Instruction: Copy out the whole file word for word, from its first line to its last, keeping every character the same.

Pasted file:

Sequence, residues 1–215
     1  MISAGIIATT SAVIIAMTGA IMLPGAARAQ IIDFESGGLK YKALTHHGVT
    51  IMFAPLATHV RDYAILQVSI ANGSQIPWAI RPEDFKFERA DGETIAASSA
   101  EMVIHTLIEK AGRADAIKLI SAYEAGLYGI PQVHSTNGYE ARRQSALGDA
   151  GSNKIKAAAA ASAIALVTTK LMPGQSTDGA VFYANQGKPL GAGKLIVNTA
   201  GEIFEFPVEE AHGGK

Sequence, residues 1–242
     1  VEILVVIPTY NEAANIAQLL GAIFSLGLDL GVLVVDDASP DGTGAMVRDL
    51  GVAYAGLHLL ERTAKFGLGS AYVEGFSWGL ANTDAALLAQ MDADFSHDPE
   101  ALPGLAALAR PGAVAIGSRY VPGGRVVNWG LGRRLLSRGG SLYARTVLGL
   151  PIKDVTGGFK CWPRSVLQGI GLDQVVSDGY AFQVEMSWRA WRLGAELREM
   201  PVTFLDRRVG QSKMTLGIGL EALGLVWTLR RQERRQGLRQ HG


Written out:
Sequence, residues 1–215
     1  MISAGIIATT SAVIIAMTGA IMLPGAARAQ IIDFESGGLK YKALTHHGVT
    51  IMFAPLATHV RDYAILQVSI ANGSQIPWAI RPEDFKFERA DGETIAASSA
   101  EMVIHTLIEK AGRADAIKLI SAYEAGLYGI PQVHSTNGYE ARRQSALGDA
   151  GSNKIKAAAA ASAIALVTTK LMPGQSTDGA VFYANQGKPL GAGKLIVNTA
   201  GEIFEFPVEE AHGGK

Sequence, residues 1–242
     1  VEILVVIPTY NEAANIAQLL GAIFSLGLDL GVLVVDDASP DGTGAMVRDL
    51  GVAYAGLHLL ERTAKFGLGS AYVEGFSWGL ANTDAALLAQ MDADFSHDPE
   101  ALPGLAALAR PGAVAIGSRY VPGGRVVNWG LGRRLLSRGG SLYARTVLGL
   151  PIKDVTGGFK CWPRSVLQGI GLDQVVSDGY AFQVEMSWRA WRLGAELREM
   201  PVTFLDRRVG QSKMTLGIGL EALGLVWTLR RQERRQGLRQ HG